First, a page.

Four words which anyone spending any extended time in Korea might encounter are Silla or Shilla, the dynasty which ruled most of the peninsula from 57 BC to 935 AD, also a classy hotel in Seoul; Jeolla-do, the province in the south-west of the peninsula, now divided into Jeollabuk-do or North Jeolla (including Jeonju) and Jeollanam-do or South Jeolla (surrounding but not including Gwangju); Hallasan, Mt Halla or Halla Mountain on Jeju-do, Korea’s highest mountain and Seollal, traditional new year, late Jan – mid-Feb.
These all have in common the spelling -ll-. You will almost certainly encounter these words in English transliterations before you see them in hangeul. Some acquaintance with hangeul might lead you to suspect that the spellings are 실라, 절라, 할라 and 설랄 respectively (compare 막걸리, mak-geol-li). But they’re not. They are 신라, 전라, 한라 and 설날.
The pronunciation of ㄴㄹ and ㄹㄴ as -ll- is another example of assimilation, where one of two consecutive sounds changes to become (more) like the other. This particular change happens sometimes in English, inherited from Latin. Illegal was originally in + legalis. Two differences: in English, the spelling changed to reflect the pronunciation (or maybe the spelling had already changed in Latin), and in English, it happens only some of the time: compare unlawful. As far as I know, the pronunciation changes all of the time in Korean, but the spelling doesn’t.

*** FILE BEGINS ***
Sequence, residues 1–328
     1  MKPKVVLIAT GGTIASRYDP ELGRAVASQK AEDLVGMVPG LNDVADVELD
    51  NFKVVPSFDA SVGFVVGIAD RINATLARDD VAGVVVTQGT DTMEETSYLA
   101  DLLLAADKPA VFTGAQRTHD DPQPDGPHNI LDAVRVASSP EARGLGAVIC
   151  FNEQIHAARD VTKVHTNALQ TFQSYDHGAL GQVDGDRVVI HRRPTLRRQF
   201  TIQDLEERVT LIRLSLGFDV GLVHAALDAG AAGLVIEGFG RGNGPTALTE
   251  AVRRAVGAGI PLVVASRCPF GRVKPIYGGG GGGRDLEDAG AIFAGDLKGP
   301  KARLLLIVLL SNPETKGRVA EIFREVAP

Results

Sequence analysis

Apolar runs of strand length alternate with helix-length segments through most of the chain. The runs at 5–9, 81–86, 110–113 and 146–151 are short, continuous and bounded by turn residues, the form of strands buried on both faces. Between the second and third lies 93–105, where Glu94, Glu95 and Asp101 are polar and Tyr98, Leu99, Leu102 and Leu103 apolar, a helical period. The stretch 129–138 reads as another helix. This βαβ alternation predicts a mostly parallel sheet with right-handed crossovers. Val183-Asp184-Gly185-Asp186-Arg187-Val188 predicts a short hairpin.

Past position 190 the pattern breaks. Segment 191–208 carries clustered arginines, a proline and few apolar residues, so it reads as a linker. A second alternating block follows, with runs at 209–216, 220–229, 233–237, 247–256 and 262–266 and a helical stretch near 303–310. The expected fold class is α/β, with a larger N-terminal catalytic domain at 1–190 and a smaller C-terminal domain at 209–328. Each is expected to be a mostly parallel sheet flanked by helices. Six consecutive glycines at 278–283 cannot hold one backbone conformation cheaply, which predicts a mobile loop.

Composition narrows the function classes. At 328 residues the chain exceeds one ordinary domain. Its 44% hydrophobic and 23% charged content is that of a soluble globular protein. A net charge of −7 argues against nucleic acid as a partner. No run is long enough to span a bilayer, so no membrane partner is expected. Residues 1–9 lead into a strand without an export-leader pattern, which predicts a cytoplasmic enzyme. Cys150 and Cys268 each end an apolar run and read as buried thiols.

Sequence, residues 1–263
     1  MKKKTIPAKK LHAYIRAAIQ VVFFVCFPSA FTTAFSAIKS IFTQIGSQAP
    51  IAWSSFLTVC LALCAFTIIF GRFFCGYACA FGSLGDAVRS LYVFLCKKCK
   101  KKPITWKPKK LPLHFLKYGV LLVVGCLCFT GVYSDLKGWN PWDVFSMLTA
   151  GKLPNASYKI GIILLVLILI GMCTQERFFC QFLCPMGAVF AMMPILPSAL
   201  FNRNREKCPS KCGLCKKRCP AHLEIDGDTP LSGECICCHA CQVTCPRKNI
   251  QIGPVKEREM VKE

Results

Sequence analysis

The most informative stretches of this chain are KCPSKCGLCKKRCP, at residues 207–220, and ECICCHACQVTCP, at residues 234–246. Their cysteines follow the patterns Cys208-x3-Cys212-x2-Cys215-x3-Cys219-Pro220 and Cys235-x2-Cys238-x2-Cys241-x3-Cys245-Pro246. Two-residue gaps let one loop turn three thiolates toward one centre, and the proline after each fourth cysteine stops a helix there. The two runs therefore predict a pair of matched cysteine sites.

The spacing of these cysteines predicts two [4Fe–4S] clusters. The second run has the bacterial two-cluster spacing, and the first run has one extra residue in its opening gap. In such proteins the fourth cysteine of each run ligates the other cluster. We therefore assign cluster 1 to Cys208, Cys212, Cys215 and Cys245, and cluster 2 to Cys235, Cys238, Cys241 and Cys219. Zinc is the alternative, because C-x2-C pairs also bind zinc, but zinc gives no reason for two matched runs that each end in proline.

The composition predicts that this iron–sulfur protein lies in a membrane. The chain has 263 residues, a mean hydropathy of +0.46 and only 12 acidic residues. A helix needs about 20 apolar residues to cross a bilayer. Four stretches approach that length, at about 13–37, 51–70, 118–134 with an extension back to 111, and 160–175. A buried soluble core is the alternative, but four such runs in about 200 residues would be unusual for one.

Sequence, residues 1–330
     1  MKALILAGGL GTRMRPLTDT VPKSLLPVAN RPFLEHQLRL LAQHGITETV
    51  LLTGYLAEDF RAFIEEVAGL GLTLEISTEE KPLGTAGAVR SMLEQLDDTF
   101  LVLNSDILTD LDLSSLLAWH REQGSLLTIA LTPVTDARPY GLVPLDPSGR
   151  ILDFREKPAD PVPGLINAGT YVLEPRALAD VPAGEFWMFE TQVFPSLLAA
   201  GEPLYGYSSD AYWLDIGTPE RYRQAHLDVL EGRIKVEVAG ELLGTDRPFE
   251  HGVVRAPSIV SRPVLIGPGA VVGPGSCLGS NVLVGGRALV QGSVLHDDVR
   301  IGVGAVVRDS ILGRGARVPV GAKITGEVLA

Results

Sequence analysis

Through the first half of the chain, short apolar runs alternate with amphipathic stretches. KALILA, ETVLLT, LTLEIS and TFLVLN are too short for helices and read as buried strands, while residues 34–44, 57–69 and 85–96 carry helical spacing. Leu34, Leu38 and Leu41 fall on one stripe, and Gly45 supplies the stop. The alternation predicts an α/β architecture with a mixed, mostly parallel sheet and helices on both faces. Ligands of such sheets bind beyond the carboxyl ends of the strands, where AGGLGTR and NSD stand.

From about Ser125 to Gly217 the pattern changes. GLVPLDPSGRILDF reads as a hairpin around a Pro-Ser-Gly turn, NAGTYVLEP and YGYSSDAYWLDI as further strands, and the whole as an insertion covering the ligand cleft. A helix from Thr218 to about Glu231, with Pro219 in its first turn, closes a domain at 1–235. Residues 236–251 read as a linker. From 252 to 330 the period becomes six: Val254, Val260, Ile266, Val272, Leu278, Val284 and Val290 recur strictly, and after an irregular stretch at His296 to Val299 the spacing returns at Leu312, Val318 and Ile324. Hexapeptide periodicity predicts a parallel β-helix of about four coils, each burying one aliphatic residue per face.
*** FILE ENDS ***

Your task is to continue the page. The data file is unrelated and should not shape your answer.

Something I didn’t know for some time (because guides to Korea don’t usually mention it) is that the names of the provinces are mostly built from the major cities in those provinces: Jeolla has Jeonju and Namju, Gyeongsang (south-east) has Gyeongju and Sangju, Chungcheong (central west) has Chungju and Cheongju and Gangwon (north-east) and Gangwon has Gangneung and Wonju. (Gyeongsang and Chungcheong are also now divided in two, and Gangwon is divided in two by the demilitarised zone.) Note that Namju and Sangju are relatively small cities. Compare England, in which Birmingham is now bigger than Warwick (the namer of Warwickshire) and Leeds is bigger than York (the name of Yorkshire).
Seollal fell a few months after the first time I moved to Korea. During an entry interview I asked a student what s/he had done for seol–nal, and s/he totally didn’t understand me until I wrote it on the board. But nal by itself means day, so seol–nal is simply (something-)day (I can’t quite find what seol by itself means). Maybe all those part of all those words have real meanings (eg, the 한 of 한라산 may be related to 하나, one – the number one mountain in Korea).
Slightly bucking the trend is 진로 soju, which is universally transliterated as Jinro, but pronounced jil-lo, even when written in English. I can’t remember that I’ve ever pronounced it, though; I either ask for soju and that’s the default brand, or take it from the fridge myself.